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Uncovering the Ruins of an Early Black Settlement in New York

 A scientific survey in 2005 of the grounds in Central Park where Seneca Village was believed to have been. Credit Mario Tama/Getty Images

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A scientific survey in 2005 of the grounds in Central Park where Seneca Village was believed to have been. Credit Mario Tama/Getty Images Q. Near the West 85th Street entrance to Central Park, there is what appears to be the corner of a foundation. What was it?

A. The foundation is a testament to Seneca Village, one of the first communities of black landholders in New York, which was destroyed in 1857 to create Central Park.

In 1853, after weighing several options for a great municipal park modeled after those of London and Paris, city officials selected a mostly vacant tract of land between Fifth and Eighth Avenues, and 59th and 106th Streets.

While more than 1,600 people lived in the footprint of the future Central Park, including the nuns of the Academy of St. Vincent and a number of farmers, the nearly 300 residents of Seneca Village represented the most concentrated population.

Seneca Village was between about West 81st and 89th Streets, and what would have been Seventh and Eighth Avenues, southwest of today’s Jacqueline Kennedy Onassis Reservoir. The site is marked with a plaque honoring the community’s history.

It’s easy to see why the city picked this terrain for a park: the ground undulates, and bedrock pokes through at regular intervals. In other words, it’s not the easiest place to build the dense housing required by a growing city.

Neither housing nor open space was much of a concern in 1825, when a black shoeshiner named Andrew Williams bought three lots there; the area was several miles from the center of New York City, then concentrated below 14th Street. Several other black residents soon joined him in buying property, as did the African Methodist Episcopal Zion Church, whose building likely sat atop the foundation. (Seneca Village eventually boasted three churches, one of which housed Colored School No. 3.)

Oregon State University to Digitize Oral Histories of Black Railroad Porters

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In 2014 Oregon State University received the African American Railroad Porter Oral History Collection. The audio recordings made between 1983 and 1992 tell the stories of Black railroad porters in Oregon in the early and mid-twentieth century.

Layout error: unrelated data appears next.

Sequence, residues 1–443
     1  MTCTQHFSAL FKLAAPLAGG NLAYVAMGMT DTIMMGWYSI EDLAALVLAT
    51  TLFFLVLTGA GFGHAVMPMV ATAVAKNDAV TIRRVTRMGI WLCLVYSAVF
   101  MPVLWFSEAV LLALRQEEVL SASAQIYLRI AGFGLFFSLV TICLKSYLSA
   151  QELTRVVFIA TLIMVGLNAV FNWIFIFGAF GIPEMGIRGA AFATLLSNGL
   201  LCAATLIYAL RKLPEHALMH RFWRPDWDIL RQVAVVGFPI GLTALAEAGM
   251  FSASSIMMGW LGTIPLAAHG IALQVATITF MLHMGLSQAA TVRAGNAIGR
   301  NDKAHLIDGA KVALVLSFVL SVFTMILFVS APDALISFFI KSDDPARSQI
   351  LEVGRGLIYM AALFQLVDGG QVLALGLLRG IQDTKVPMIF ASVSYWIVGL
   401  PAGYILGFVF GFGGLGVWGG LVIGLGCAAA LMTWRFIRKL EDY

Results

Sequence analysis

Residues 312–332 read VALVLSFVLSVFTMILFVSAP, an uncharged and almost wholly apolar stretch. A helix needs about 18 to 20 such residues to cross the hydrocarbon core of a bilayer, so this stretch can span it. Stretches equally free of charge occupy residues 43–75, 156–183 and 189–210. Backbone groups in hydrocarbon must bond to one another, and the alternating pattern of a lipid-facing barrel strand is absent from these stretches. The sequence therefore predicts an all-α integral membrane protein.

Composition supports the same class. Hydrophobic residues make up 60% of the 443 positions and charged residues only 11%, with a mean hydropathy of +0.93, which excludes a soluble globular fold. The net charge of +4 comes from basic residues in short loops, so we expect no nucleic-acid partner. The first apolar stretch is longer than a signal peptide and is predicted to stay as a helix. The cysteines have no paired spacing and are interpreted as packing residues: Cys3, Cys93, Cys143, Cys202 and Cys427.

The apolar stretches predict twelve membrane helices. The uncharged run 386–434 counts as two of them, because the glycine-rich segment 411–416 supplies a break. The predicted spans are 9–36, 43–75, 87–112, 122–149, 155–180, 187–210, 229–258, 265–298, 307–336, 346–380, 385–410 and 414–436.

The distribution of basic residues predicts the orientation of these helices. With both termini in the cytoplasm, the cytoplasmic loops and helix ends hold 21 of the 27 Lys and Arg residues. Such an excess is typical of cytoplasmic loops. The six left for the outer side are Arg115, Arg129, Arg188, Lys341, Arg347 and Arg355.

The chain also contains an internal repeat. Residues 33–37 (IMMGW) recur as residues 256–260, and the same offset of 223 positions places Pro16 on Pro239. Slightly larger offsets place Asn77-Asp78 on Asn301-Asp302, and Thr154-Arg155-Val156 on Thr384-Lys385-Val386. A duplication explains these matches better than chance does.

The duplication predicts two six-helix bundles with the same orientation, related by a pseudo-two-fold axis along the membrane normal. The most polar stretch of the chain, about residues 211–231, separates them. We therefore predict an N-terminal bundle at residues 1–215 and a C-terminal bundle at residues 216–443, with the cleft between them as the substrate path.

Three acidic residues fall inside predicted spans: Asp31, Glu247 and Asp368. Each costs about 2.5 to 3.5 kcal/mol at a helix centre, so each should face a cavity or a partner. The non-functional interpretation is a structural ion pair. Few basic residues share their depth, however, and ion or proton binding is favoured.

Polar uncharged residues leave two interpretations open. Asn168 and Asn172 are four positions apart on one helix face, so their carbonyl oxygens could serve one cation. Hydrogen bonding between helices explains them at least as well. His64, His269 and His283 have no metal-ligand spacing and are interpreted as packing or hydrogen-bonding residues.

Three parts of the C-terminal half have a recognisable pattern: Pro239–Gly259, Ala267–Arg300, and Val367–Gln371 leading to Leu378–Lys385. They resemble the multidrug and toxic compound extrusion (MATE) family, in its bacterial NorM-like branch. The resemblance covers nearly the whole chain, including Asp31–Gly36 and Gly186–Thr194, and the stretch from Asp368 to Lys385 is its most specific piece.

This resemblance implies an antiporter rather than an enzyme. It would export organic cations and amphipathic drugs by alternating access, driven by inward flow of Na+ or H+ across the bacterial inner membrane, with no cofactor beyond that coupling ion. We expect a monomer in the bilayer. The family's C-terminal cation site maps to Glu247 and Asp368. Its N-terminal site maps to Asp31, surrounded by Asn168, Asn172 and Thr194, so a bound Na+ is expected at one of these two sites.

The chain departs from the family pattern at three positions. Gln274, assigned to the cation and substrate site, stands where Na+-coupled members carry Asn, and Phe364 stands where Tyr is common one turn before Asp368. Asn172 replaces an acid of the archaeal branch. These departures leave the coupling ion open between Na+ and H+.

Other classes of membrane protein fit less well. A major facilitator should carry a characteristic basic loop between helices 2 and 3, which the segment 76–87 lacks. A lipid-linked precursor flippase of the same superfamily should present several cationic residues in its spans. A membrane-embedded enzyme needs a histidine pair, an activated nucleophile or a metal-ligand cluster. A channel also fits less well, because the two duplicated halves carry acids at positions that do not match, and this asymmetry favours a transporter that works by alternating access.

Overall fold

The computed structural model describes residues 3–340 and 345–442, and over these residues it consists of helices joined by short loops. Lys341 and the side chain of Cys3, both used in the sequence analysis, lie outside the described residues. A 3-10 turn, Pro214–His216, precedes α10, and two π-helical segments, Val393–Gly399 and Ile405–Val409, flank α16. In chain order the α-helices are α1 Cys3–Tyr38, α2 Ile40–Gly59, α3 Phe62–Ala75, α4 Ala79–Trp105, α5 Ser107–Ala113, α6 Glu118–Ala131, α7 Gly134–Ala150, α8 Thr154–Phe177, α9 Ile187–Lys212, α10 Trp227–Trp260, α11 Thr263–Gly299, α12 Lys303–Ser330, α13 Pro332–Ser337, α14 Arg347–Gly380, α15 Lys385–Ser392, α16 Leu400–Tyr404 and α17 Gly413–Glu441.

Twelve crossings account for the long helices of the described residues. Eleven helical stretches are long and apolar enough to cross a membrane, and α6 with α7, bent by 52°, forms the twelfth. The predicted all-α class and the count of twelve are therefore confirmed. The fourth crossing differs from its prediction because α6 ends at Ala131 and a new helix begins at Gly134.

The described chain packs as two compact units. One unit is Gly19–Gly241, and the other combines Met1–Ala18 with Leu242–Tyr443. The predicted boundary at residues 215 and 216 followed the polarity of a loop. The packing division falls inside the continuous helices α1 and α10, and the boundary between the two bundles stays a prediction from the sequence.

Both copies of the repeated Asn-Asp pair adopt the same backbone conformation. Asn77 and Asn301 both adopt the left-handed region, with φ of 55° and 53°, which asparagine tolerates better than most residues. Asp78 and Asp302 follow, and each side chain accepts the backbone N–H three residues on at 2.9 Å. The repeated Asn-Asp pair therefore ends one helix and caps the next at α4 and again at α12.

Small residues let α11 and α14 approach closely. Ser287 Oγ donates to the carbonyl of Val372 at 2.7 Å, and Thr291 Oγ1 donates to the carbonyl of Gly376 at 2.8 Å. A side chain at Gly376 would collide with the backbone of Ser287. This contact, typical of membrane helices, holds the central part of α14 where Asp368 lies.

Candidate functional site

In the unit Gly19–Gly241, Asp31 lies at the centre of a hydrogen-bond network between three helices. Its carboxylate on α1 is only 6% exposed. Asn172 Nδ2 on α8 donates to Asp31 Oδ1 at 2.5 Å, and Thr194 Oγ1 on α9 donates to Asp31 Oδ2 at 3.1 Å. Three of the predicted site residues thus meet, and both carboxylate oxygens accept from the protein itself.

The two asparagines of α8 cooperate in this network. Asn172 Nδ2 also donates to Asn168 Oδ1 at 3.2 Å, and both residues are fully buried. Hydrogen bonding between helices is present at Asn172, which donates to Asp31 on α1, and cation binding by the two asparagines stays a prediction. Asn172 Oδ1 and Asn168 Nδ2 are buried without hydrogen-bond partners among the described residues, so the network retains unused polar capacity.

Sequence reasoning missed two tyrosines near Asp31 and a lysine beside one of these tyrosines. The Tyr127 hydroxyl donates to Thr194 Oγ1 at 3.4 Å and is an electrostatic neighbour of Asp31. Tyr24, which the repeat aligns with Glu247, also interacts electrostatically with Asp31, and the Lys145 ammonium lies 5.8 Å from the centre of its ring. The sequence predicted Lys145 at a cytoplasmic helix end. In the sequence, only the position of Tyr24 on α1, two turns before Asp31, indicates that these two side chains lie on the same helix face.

The collection includes 29 reel-to-reel tapes of interviews conducted by filmmaker Michael Grice that were used as background for his documentary Black Families and the Railroad in Oregon and the Northwest. 

Now the university has received a grant from the Oregon Cultural Trust to digitize the collection and create a website to feature the digitized recordings and their transcripts.

To read more, go to: https://www.jbhe.com/2016/03/oregon-state-university-to-digitize-oral-histories-of-black-railroad-porters/

WE MUST NEVER FORGET!!!

 

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Our forefathers oppression in this country by Europeans lead to the rise of the “Uncle Tom” as individuals or a mentality. The “Uncle Tom” or “Traitor” is any person complicit in the oppression of their own group that has lead to the destruction of our causes, initiatives, and in most cases our people. Here are my historical “top five”.

• 1. JAMES WORMLEY JONES
• 2. GENE ROBERTS
• 3. HAYWOOD SHEPARD
• 4. GEORGE WILSON / JOE LAROCHE
• 5, CLARENCE THOMAS

Your comments, opinions, suggestions are welcomed.

 

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MLK, Malcolm X & Marcus Garvey on Blackanomics

This is a clip collage from African History Network Blog talk radio show on Thursdays 8pm ET. Rarely or for most never heard quotes of MLK in regards to economics in the Black community.

Sam Greenlee interviewed on the making of his historical black film

SAM GREENLEE The Legendary Author of The Spook Who Sat By The Door.
Hosted by RUSSELL NORMAN.

Produced by SWAHILI MUSIC & FILM INC. (c) 2011 – SUBSCRIBE NOW!

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